‘If time travel is possible, where are the tourists from the future?’ Stephen Hawking asked for A Brief History Time.
Hawking also famously staged a party for time travelers, complete with champagne and a banner saying, ‘Welcome time travelers’. None showed up, in case you were wondering. But there ARE certain old paintings which have convinced online conspiracy fans that time travel must be real – otherwise, how did people in the past have iPhones? And isn’t the flying saucer at Jesus Christ’s birth a dead giveaway that Our Lord’s demise was watched by either time-traveling from the future – or extraterrestrials?
The iPhone in the 1930s
Picture: National Postal Museum
A native American appears to be staring at an iPhone – but the painting Mr. Pynchon and the Settling of Springfield were actually made in 1937. Is it proof of time travel, or just proof we’re all obsessed with iPhones and need to get out more?
The flying saucer at Jesus’s crucifixion Crucifixion fresco
Several religious paintings show distinctly odd things in the sky alongside Jesus – and UFO fans seize on these as evidence of extraterrestrial involvement. Nigel Watson, an author of the UFO Investigations Manual, says, ‘An explanation for these Biblical paintings is that they are symbolic representations of angels and that the beams of light from them represent the Holy Spirit.’
The Ancient Greek statue using a laptop
Does an ancient Greek statue think to date from 100BC really show a woman using a laptop? For a brief moment earlier this year, the internet believed it. The statue, ‘Grave of an Enthroned Woman with an Attendant’ in The J. Paul Getty Museum in Malibu, became the focus of a huge amount of gossip after a video posted by YouTuber highlighted the strange ‘device’. Jeffrey Spier, the senior curator of antiquities at the J. Paul Getty Museum, said that it’s more likely to be a jewelry box or a hinged mirror.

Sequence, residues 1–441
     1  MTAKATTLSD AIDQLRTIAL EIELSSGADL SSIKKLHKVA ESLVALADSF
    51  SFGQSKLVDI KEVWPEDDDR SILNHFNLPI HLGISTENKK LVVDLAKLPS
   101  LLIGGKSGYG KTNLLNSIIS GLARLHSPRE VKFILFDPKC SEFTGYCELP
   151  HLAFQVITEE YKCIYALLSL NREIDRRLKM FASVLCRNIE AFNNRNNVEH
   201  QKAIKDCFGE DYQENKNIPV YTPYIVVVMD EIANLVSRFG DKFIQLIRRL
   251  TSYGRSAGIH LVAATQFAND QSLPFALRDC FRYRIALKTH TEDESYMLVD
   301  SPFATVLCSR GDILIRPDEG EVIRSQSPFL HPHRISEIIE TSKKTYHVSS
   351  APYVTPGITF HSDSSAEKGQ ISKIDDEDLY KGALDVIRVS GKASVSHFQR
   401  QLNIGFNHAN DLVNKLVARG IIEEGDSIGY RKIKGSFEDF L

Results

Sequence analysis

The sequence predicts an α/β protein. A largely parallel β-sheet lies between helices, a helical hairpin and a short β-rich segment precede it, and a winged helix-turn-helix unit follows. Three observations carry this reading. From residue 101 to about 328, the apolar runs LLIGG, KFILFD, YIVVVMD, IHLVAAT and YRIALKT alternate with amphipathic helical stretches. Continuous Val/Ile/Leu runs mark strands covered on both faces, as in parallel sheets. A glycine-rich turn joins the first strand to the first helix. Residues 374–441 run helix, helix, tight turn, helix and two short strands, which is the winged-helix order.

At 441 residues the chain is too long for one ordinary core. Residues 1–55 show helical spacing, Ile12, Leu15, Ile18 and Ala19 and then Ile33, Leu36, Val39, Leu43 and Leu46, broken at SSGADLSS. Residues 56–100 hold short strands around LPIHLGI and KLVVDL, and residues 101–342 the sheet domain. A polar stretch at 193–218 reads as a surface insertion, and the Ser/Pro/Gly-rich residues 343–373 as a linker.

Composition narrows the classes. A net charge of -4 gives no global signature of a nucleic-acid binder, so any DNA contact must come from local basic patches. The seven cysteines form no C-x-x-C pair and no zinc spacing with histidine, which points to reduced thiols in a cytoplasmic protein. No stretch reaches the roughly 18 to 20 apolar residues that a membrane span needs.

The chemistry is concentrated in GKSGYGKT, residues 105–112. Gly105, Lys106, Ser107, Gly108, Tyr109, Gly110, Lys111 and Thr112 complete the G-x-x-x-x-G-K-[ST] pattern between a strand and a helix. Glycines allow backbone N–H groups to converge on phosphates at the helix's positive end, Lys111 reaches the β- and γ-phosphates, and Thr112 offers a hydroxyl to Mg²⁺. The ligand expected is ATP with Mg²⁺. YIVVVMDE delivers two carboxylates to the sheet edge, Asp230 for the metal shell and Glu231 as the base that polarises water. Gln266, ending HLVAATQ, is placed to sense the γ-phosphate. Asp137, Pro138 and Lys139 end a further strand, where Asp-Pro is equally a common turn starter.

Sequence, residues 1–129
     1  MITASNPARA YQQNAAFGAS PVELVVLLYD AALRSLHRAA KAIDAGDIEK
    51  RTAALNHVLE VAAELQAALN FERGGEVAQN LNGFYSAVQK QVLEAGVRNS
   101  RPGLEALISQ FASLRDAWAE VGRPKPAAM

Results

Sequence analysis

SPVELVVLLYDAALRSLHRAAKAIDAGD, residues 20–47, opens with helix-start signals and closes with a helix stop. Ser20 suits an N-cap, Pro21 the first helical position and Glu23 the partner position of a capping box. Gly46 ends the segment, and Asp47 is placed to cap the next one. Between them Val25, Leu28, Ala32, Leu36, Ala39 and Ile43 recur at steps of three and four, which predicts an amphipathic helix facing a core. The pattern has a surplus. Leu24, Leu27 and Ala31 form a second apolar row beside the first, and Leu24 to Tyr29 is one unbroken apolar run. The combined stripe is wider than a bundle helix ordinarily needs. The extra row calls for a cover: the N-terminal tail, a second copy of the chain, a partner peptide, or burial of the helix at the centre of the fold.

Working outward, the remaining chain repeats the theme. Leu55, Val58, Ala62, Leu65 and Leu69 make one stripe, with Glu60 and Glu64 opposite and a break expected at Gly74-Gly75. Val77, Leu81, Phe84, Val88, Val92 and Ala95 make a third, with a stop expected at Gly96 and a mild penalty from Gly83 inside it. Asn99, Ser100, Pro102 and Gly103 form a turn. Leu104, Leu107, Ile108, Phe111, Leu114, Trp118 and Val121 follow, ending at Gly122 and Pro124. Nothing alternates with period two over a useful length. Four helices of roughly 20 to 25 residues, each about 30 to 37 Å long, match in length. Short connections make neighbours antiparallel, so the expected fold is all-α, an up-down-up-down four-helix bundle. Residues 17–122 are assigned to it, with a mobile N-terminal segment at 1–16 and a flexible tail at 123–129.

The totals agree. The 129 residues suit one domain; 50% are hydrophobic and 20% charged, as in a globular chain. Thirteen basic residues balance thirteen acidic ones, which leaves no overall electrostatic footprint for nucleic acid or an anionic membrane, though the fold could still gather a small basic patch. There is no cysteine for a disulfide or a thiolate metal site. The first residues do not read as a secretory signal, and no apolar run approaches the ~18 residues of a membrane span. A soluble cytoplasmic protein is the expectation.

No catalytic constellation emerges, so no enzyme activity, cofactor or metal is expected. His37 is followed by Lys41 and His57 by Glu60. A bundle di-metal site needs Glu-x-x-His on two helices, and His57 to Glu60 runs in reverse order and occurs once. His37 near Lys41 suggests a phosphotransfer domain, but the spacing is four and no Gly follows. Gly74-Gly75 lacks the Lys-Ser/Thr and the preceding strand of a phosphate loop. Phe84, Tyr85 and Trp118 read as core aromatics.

God, Jesus, and the satellite
The painting ‘Glorification of the Eucharist’ by Bonaventura seems to show God and Jesus fiddling with what looks like a Sputnik satellite. Naturally, it’s beloved by UFO fans – but the real explanation is a little more prosaic. The strange ‘ball’ is a representation of the Celestial Sphere – the universe, and the wands are meant to depict God’s control over it, experts have said.
The 19th Century woman with the smartphone
The smartphone-toting woman was spotted in the painting, ‘The Expected One’ by Austrian artist Ferdinand Georg painting at the Neue Pinakothek museum in Munich Retired Glasgow local government worker Peter Russell highlighted the strange image in an interview with Motherboard – saying it showed how our interpretation was colored by our views Russell said, ‘‘What strikes me most is how much a change in technology has changed the interpretation of the painting, and in a has leveraged its entire context.
://twofeed.org Via : Thinkingperspective.org